F.23 Question  [ENDORSED]

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Jason Muljadi 2C
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F.23 Question

Postby Jason Muljadi 2C » Tue Oct 03, 2017 10:46 am

The CO2 produced by the combustion of hydrocarbons contributes to global warming. Rank the following fuels
according to increasing mass percentage of carbon: (a) ethene, C2H2; (b) propanol, C2H2OH; (c) heptane, C2H16.

Do you simply take the amount of carbon from each hydrocarbon and divide that by the hydrocarbon's molar mass? And for the answer, do you write it as x% of (hyrdrocarbon)?

K Stefanescu 2I
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Re: F.23 Question  [ENDORSED]

Postby K Stefanescu 2I » Tue Oct 03, 2017 10:56 am

Yes. For example, for ethene, the mass percentage of carbon would be calculated as follows: ((2* 12.011)/(2*12.011 + 2*1.008)) * 100= 92.3%
I think that most questions requesting mass percentage require that the answer be given as a percentage. I would do so in any case, just to be safe.

Don't forget to repeat this process for each fuel and then rank them from least to greatest C%.

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Re: F.23 Question

Postby VahagnAldzhyan » Wed Oct 04, 2017 4:46 pm

Yes. You have to take the molar mass of each compound and then determine how much percent Carbon makes up in each compound.

Yizhou Liu 3L
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Re: F.23 Question

Postby Yizhou Liu 3L » Thu Oct 05, 2017 7:36 am

Yes. Also, there's an easy way to do it. Each hydrocarbon in this problem has two carbons, which means the numerators are the same. So you can just compare the denominator by calculating the mass of H2,H2OH and H16.

Jennah Muhammad 1H
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Re: F.23 Question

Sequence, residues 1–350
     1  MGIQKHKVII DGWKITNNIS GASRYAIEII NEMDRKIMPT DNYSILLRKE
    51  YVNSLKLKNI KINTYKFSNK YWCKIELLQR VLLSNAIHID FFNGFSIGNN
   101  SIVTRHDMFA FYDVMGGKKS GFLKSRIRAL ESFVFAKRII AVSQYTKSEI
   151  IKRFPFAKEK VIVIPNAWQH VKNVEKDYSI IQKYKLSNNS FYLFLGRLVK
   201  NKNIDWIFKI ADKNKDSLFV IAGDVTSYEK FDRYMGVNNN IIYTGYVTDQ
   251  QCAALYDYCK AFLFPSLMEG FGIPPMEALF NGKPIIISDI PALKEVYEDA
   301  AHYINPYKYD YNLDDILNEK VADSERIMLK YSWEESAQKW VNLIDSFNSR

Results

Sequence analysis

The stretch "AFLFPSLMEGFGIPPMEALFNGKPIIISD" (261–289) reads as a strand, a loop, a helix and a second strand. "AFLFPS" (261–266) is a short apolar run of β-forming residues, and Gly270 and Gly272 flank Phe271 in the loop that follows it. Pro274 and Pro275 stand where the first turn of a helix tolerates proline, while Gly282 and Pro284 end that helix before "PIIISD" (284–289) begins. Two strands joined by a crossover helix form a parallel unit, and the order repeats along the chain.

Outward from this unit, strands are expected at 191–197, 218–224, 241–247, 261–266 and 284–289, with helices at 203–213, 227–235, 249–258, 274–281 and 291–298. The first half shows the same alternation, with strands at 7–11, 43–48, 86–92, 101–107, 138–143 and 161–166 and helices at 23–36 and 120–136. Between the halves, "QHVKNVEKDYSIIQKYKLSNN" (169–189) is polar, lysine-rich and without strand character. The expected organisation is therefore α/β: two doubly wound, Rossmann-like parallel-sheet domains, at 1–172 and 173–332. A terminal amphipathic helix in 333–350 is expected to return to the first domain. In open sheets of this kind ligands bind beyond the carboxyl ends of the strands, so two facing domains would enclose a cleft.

Postby Jennah Muhammad 1H » Sun Oct 08, 2017 6:58 pm

say a problem asked you to find the mass percentage composition and another problem asked you to find the moles of a certain mass. would the process ultimately be the same? You just multiply by 100 when finding the percent composition

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Re: F.23 Question

Postby Chem_Mod » Sun Oct 08, 2017 11:11 pm

No, the process is not practically the same. When finding the mass percentage of a particular compound, you would need to have the total mass of that substance on which elemental analysis was performed, then, divide the mass of the element in the sample by the mass of the total mass of substance analyzed. So, its basically 1 part of the sample (which happens to be 1 particular element) divided by the whole sample.

Finding the number of moles from a particular mass, in the context of an empirical or molecular formula, is different for whether you are talking about molecules or atoms in that (for the former) if you have an unknown sample, you need to find the molecular formula and then divide the entire sample's mass by its molecular weight (molecular weight can only be found by the molecular formula. When determining an empirical or molecular formula, you work with mass, not moles, because if you compared moles of one element in the sample to moles of another element in a sample, you are not taking into account that the different elements contribute to the total mass of the sample to different degrees depending on the element's molecular weight. Now, if you are determining an empirical formula, you do compare the number of moles of each element present (from the given masses), but this is to find out the subscripts in the formula (the Ratio of moles), not the "mass percentage" of each. Mass percentage and mole percent are very different.

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